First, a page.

Economic Market Report - September 2023

Smart Money Moves
4 October 2023
5 min read

South Africa

Stats SA released the Q2 2023 economic growth rate on September 5, 2023. The report indicated that the economy grew by 0.6% in Q2, which was an improvement compared to the 0.4% growth in real GDP during the previous quarter (Q1 2023).

On the production side of the economy, six industries showed growth from Q1 2023 to Q2 2023. Notable improvements were seen in the manufacturing industry, which grew by 2.2% and contributed 0.3% to GDP growth. The finance sector also saw a 0.7% increase, adding 0.2% to GDP growth. Agriculture performed exceptionally well with a growth rate of 4.2%, contributing 0.1% to GDP growth. Additionally, the personal services sector advanced by 0.7%.

On the expenditure side, the primary concern was household final consumption expenditure, which decreased by 0.3% in Q2 2023, contributing 0.2% to overall economic growth. On the other hand, the government sector increased its final consumption expenditure by 1.7%, contributing 0.3% to economic growth.

A surprising development was the growth of fixed capital formation (investment), which increased by 3.9%. This growth was attributed to reduced power outages and private sector investments in alternative energy.

However, net exports had a negative impact on total growth due to logistical issues at South African harbours. Exports increased by 0.9%, but imports grew by 3.3%.

In terms of monetary policy, the South African Reserve Bank kept its key repo rate unchanged at 8.25% during its July 2023 meeting, ending a streak of ten consecutive rate hikes. The Governor emphasised that this decision did not signify the end of the tightening cycle and that future rate adjustments would depend on inflation. In July 2023, the inflation rate dropped to a two-year low of 4.7%, down from 5.4% in June, and below market expectations of 5%.

The Rand exchange rate was a notable concern, having depreciated by 166 cents against the US dollar since the previous MPC meeting, reaching R19.20/$ by September 6, 2023. South Africa's retail trade continued to struggle, with a 0.9% year-on-year decline in June 2023, marking the seventh consecutive month of poor performance, mainly due to high interest rates and challenging economic conditions.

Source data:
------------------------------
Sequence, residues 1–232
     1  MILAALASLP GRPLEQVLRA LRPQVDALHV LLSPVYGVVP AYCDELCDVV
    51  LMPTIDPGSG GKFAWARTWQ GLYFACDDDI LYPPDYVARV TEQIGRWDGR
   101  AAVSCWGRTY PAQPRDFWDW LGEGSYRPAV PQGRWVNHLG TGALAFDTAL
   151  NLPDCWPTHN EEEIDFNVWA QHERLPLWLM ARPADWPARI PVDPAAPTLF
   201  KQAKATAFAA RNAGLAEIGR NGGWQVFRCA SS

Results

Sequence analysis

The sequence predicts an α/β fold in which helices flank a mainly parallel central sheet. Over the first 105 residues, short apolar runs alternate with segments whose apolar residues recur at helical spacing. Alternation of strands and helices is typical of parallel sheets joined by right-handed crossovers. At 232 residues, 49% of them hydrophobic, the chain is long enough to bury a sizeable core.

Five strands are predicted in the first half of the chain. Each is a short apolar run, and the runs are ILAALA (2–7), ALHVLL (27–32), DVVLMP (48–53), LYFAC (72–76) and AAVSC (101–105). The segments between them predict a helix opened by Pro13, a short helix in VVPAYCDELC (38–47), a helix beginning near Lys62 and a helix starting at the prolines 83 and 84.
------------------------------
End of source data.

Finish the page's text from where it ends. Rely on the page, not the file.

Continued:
Many experts believe that the U.S. Federal Reserve won’t raise interest rates again soon, mainly due to the recent job report indicating a rise in the unemployment rate to 3.8% and slower wage growth in August.

The chances of the Fed increasing interest rates further this year, as reflected in the U.S. futures markets, have dropped to around 38%, down from 45% before the latest jobs report. The financial markets are now eagerly awaiting the Fed's decision at its upcoming meeting on September 19. The Fed's goal is to achieve a durable 2.0% inflation rate and a 6.2% unemployment rate.

Despite rising prices and borrowing costs, retail sales in the U.S. increased by 0.7% in July 2023, surpassing expectations for a 0.4% increase. This positive trend in consumer spending suggests that the U.S. economy is unlikely to enter a recession this year. More economists, including those within the Federal Reserve, are now predicting that the U.S. will avoid a recession. However, it may not be until 2024 that we can be sure.


According to a report from The Economist at Swiss Re Institute, they anticipate that the European Central Bank (ECB) will raise interest rates two more times due to ongoing high core inflation and wage growth. They also predict that the Bank of England (BoE) will increase its repo rate by another 75-basis points after a 50-basis point hike in August.

Other studies suggest that there is still a significant amount of monetary tightening in the Eurozone. Most forecasts for Euro area GDP growth in 2024 are now lower at 0.4%, down from the previous consensus of 1.0%. However, the outlook for the UK has improved, with a 0.4% increase in the consensus forecast for 2023 GDP growth, now at 0.1%.

Many analysts believe that the tightening of monetary and lending conditions will start affecting economic activity more in the second half of this year and in 2024. This comes even as real household incomes begin to recover from disinflation. It's important to note that the full impact of the rapid monetary policy tightening has yet to be fully realised.

Emerging Markets

According to the latest IMF report from July 2023, emerging and developing Asia is expected to experience a growth rate of 5.3% in 2023, which will then slightly decrease to 5.0% in 2024, marking a small 0.1% decrease for 2024.

China’s growth forecast remains unchanged at 5.2% for 2023 and 4.5% for 2024. India is projected to have a growth rate of 6.1% in 2023, which is 0.2% higher than the April projection. This increase is mainly due to stronger domestic investment in the fourth quarter of 2022.

Emerging and developing Europe is expected to see growth rise to 1.8% in 2023, reflecting a 0.6% upward revision since April, and then increase further to 2.2% in 2024.

In Latin America and the Caribbean, there is an anticipated decline in growth from 3.9% in 2022 to 1.9% in 2023, which is a 0.3% upward revision compared to the IMF's April forecast.


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